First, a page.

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Sierra Nevada Big Little Thing Imperial IPA*Packaging may vary

Sierra Nevada Big Little Thing Imperial IPA

Imperial / Double IPA /9% ABV / California, United States

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Product details

Category
Imperial / Double IPA
Region
California, United States
Type
Craft, Independent Craft Brewer
ABV
9%
IBU
45
Calories per Serving (12 oz)
254
Carbs per Serving (12 oz)
15
Suggested Glassware
Snifter/Goblet/Chalice
Suggested Serving Temperature
45-50° F

Product description

Big Little Thing defies brewing logic. A monster ABV and booming hop character, but tame sweetness and a clean finish? This anomaly of imperial IPA starts with the mash. More than just using a huge volume of malt (and we do fill our mill to overflowing), we mash our grain aggressively to yield a higher ratio of fermentable vs. unfermentable sugars. This allows yeast to metabolize nearly all sugar, which both boosts the ABV to 9% and cuts the malt sweetness. At the same time, yeast and hops collaborate on their own magic. Dry hopping during active fermentation sparks biotransformation: yeast cells alter the chemical compounds in hops to unlock entirely new aromas—like the tropical wave that washes over Big Little Thing.

View all products by Little ThingCalifornia Residents: Click here for Proposition 65 WARNING

Community reviews

4.76 Reviews
5
(102)
4
(20)
3
(6)
2
(1)
1
(0)
Newest
  • Alexander
    Verified Buyer
    Verified Buyer

    I've enjoyed the Hazy Little Thing and thought I might enjoy what appears to be the bigger brother version... unfortunately the flavors were wildly different with this one having a very metallic and somewhat bitter taste. Maybe it'll grow on me, but initial reaction was that it is a completely different and the taste was not palletable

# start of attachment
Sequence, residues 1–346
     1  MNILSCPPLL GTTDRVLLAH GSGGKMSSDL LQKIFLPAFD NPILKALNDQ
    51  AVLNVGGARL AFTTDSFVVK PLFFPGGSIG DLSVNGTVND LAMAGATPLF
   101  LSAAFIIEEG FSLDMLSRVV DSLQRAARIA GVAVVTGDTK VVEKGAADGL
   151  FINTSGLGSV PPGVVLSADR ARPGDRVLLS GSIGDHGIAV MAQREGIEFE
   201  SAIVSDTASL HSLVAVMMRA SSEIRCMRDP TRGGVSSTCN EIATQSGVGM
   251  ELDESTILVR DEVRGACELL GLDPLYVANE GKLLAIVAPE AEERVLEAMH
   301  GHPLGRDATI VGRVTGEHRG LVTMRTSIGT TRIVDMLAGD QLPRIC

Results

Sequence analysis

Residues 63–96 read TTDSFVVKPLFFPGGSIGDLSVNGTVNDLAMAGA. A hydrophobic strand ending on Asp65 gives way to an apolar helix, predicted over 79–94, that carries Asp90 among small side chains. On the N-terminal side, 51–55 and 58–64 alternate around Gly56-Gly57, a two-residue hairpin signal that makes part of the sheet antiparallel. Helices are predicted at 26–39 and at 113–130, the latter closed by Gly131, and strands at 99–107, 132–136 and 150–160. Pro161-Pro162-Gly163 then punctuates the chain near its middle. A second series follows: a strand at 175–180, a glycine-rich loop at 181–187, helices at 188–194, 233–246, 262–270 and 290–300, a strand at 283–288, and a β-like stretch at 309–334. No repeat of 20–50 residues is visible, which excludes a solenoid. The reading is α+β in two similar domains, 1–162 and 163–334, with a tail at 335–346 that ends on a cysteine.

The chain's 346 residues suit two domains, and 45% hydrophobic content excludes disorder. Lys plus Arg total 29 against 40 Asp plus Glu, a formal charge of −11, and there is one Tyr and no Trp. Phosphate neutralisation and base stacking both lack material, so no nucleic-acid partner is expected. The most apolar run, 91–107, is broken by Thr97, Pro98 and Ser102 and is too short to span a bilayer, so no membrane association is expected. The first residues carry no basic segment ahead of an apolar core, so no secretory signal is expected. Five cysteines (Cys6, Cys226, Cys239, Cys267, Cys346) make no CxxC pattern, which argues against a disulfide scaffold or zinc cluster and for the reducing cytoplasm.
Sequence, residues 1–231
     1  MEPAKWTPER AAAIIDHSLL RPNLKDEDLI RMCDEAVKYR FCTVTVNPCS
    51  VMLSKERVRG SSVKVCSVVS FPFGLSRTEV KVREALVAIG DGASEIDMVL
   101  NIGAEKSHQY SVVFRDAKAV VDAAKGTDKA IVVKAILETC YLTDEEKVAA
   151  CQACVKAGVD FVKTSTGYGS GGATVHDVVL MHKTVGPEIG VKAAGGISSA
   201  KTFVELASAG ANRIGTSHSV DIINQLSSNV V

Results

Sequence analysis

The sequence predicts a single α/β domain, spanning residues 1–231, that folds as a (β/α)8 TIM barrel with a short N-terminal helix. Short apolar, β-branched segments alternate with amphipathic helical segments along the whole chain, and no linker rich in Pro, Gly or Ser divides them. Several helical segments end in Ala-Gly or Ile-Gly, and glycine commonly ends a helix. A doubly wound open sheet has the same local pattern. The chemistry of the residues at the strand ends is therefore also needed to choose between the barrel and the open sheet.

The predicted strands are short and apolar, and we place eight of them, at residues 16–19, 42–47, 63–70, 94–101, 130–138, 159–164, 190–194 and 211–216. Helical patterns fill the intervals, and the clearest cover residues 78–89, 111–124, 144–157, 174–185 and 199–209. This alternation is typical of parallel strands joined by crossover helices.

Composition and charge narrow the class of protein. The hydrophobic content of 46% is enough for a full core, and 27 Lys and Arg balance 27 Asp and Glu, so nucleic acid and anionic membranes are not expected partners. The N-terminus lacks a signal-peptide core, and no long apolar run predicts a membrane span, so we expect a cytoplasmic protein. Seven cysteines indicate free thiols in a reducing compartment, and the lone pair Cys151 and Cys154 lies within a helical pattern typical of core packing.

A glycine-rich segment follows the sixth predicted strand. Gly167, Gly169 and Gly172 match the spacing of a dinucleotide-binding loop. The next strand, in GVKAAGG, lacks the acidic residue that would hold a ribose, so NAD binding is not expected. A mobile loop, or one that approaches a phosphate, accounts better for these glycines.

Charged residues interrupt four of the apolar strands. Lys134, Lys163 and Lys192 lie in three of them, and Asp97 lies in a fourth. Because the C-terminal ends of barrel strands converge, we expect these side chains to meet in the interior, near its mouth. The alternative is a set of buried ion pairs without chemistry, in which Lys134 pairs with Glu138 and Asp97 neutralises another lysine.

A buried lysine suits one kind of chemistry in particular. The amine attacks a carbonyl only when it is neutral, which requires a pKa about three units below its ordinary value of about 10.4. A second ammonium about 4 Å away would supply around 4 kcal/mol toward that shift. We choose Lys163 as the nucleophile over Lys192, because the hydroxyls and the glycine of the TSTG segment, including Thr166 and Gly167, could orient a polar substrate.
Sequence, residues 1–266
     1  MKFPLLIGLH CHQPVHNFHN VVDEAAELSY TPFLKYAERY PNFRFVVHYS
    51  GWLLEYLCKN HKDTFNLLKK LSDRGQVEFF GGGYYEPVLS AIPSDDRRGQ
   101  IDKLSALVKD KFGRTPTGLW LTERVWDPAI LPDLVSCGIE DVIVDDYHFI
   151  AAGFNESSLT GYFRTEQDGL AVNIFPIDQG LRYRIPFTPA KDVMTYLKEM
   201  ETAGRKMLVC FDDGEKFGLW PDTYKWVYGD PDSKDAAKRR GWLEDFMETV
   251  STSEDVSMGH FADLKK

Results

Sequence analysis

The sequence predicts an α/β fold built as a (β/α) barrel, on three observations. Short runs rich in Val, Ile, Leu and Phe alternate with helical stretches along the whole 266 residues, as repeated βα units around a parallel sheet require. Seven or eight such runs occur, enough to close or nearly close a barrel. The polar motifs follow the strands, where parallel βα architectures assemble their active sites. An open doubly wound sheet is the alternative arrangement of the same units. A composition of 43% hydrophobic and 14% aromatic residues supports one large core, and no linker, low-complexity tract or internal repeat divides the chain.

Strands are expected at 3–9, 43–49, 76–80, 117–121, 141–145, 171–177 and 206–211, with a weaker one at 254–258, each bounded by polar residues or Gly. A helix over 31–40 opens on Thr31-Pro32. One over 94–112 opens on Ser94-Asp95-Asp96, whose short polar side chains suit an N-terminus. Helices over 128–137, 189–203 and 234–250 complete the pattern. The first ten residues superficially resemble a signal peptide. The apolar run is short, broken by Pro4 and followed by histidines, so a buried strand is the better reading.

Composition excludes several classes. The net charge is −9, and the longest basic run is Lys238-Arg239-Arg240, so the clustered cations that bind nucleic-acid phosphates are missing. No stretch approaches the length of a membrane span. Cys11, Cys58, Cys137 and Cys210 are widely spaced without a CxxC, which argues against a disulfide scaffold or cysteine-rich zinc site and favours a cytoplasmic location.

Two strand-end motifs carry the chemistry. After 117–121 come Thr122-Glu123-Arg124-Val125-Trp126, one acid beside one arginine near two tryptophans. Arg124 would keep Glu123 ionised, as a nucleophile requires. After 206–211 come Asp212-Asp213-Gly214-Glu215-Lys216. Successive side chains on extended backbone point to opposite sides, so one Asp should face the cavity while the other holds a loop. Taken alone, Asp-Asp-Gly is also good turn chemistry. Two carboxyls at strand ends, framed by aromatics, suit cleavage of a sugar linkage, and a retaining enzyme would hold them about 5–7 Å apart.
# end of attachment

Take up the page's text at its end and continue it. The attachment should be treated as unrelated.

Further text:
• Marcos Reato

    Sierra Nevada Big little thing IPA Is just another reason why I love this brewing company I don't think there's something they make I don't like Most ipas for me get heavy and are two bitter this finishes clean taste light is filling but not excessively thank you again for another home run Sierra Nevada

  • Steven
    Verified Buyer
    Verified Buyer

    Not bitter for having a high abv(9%) Smooth taste

  • Tim

    PAUSE… Take a deep breath… This is the FINEST IPAs I’ve ever tasted. This is one of the most ‘seasoned’ IPAs I’ve ever tasted. This is, by FAR…. by FAR + 9.0 the STRONGEST IPA squeezed into a 19.2 oz. can (hence, less calories) for three bones. $3 maybe $3.50 at the local, corner store. I don’t work for these guys. I’m solo father of three kids taking the time to tell IPA ? homies that this is THE ANSWER to all the IPA questionnaires out there. If you disagree, I look forward to your replies… your subjective and objective replies; both different perspectives, please. Us IPA fanatics gotta keep up with the passion to not permit this BULLETPROOF (the flavor + to the maximum strength within + to the mind boggling RETAIL piece of $3.29 on my local website! 15,quarters, including California… I have DUUBLE it in my car’s ashtray…. This is an A+ A+ A+ … no brainer I look forward to all replies (with a modicum of integrity as the ONE caveat, not to be forgotten, is the NON-NEGOTIABLE request: please submit, to me (on this website) your two replies: Your subjective answer (pure LUCID & PRUDENT opinion …. AND …. your OBJECTIVE opinion … so I know if you’re sipping or sober when you reply ???????????

  • Steve
    Verified Buyer
    Verified Buyer

    Solid as always. Not too hoppy, not too juicy, just the right ABV. Sneaks up on ya if you're not careful.

  • Robert
    Verified Buyer
    Verified Buyer

    Worth it.

FAQs